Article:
Just this week, we issued a draft electricity generation policy statement that demonstrates that Scotland can generate 80 per cent of its electricity demand from renewables, supported by thermal generation with carbon capture and storage.
By progressively fitting full CCS to existing and new thermal plants, maintaining a minimum thermal capacity of above 2.5GW and making grid improvements over the next decade, we can secure electricity supply and ensure decarbonisation by 2030. As a result, we will be able to export large amounts of electricity from Scotland.
"A Low Carbon Economic Strategy For Scotland", which was published on Monday, shows that between 52,000 and 95,000 new job opportunities can be created in the energy sector by 2020, with 10,000 of those jobs coming from CCS development.
Carbon capture does, indeed, have significant potential, but does the First Minister recall that, in the national planning framework, his Government offered support for new base-load electricity generating capacity at Hunterston, but only if it was fuelled by coal, and without requiring that technology to capture all its carbon emissions should be in place first? In the context of the plans and proposals for a low-carbon economy that he has described, will he reconsider his insistence that new generating capacity at Hunterston should be fuelled by coal?
I point out that, as the member well knows, I cannot comment on a live planning application.
I am somewhat surprised by the member's comments, because the framework that we put forward for carbon capture in Scotland was identical to the framework that was put forward by one Ed Miliband when he was the secretary of state at the Department of Energy and Climate Change. I do not want to see the future career of the member damaged in any way, but it is a bit rich of him to condemn the Scottish Government for putting forward a framework for carbon capture that is identical to the one pursued by the new leader of the Labour Party.
The First Minister will be aware that the Labour-Tory coalition that runs Inverclyde Council, which borders North Ayrshire, has recently decided not to object to the Hunterston coal-fired power station application; indeed, it is in favour of it. Does he agree that that shows the hollowness and blatant opportunism of Labour's position in claiming to oppose an unwanted and unnecessary development while its elected representatives actively support it?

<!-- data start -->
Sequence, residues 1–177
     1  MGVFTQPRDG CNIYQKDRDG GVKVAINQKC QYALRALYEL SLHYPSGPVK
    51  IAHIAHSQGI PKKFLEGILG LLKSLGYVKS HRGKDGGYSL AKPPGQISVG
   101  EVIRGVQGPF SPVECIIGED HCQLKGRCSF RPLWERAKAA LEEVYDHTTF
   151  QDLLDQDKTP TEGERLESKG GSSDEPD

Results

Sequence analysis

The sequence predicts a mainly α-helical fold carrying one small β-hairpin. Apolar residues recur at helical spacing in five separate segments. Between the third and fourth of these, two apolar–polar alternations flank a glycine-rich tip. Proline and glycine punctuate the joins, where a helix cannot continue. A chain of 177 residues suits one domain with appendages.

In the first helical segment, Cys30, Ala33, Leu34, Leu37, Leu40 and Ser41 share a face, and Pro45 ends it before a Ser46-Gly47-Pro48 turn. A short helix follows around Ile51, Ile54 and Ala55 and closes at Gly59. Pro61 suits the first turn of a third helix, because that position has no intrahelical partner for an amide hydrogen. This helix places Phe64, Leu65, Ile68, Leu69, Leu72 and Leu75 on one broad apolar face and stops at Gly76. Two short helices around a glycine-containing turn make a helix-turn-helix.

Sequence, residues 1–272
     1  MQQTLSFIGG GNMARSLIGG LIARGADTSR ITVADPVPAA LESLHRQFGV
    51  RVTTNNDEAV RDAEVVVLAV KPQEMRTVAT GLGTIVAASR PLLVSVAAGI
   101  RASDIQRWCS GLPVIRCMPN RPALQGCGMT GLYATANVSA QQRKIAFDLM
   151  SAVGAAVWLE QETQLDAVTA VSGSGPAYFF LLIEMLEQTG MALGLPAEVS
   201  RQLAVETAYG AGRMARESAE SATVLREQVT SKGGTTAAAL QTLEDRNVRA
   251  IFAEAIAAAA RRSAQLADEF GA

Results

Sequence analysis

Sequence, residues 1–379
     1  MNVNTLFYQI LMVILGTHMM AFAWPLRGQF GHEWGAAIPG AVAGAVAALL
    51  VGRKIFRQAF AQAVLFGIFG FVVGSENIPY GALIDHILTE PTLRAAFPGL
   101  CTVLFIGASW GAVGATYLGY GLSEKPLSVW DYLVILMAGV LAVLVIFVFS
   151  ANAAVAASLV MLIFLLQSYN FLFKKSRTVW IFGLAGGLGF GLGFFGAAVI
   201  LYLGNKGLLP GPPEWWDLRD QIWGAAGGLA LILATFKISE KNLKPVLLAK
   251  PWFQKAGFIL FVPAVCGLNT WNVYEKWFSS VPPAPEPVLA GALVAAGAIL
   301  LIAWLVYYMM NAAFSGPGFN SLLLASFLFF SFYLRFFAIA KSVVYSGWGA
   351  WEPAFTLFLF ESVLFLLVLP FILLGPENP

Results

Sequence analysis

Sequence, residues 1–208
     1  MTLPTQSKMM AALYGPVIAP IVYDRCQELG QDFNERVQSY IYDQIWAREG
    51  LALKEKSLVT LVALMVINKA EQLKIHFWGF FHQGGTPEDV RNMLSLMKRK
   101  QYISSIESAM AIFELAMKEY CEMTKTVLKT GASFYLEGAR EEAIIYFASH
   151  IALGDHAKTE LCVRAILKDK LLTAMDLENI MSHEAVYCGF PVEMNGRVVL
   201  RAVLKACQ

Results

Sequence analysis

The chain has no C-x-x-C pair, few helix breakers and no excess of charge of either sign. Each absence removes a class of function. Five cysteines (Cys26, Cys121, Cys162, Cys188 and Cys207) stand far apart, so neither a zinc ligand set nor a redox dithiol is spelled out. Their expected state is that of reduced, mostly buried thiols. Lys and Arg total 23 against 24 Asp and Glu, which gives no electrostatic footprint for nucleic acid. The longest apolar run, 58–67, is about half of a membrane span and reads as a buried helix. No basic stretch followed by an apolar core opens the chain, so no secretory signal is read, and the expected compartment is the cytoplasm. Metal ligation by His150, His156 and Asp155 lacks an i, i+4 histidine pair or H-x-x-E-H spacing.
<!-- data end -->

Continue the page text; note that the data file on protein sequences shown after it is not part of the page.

I must be careful not to express any view on a planning application, so, therefore, I will not. However, until Kenny Gibson asked his question, I thought that Lewis Macdonald was at variance only with the leader of the Labour Party. Now, however, I realise that he is also at variance with Labour's local representatives. That is a remarkable balancing act that, I am sure, only Lewis Macdonald can achieve.
Last week, in this chamber, the Scottish Government's energy policy was torn apart by an industry expert, Rupert Soames, in a thoughtful speech. [ Laughter .]
Scottish National Party members may laugh, but Mr Swinney, who was there, looks rather sheepish and uncomfortable right now—
Sheepish? Far from it!
Order, Mr Swinney.
I would never ignore the warnings of highly respected industry experts, but I have taken the precaution of reading Rupert Soames's speech, a copy of which I have before me. I can see why I found some of its contents surprising, because, basically, it is all about United Kingdom energy policy. It is only in the second last paragraph that he refers to Scotland, when he says that we have to take account of what is happening in England and Wales.
The speech surprised me for a few reasons. First, Rupert Soames seemed to suggest that it is impossible to generate more than 10 per cent of a country's electricity from wind generation, but we in Scotland already do that—we are doing that right now, not in 10 years' time. He warned of the retirement of oil-fired power generation. We do not have any of that in Scotland, so we can probably relax in that regard.
Rupert Soames also warned that people were setting long-term targets that were meaningless. If I remember correctly—in fact, I do remember correctly—our first target for renewable generation is to achieve a situation in which 31 per cent of Scotland's demand is supplied by renewable generation by next year. We are going to go through that quite substantially. How do I know that? Because reaching that target depends only on the facilities that are already in production, the ones that have been licensed and the ones that are under construction.
Having read Mr Soames's remarks, I think that there is some evidence to back up his criticisms of policy in London. The member would be foolish not to take account of the different perspective and policies of the Scottish Government, which has licensed and approved 36 major renewables applications in the past three years.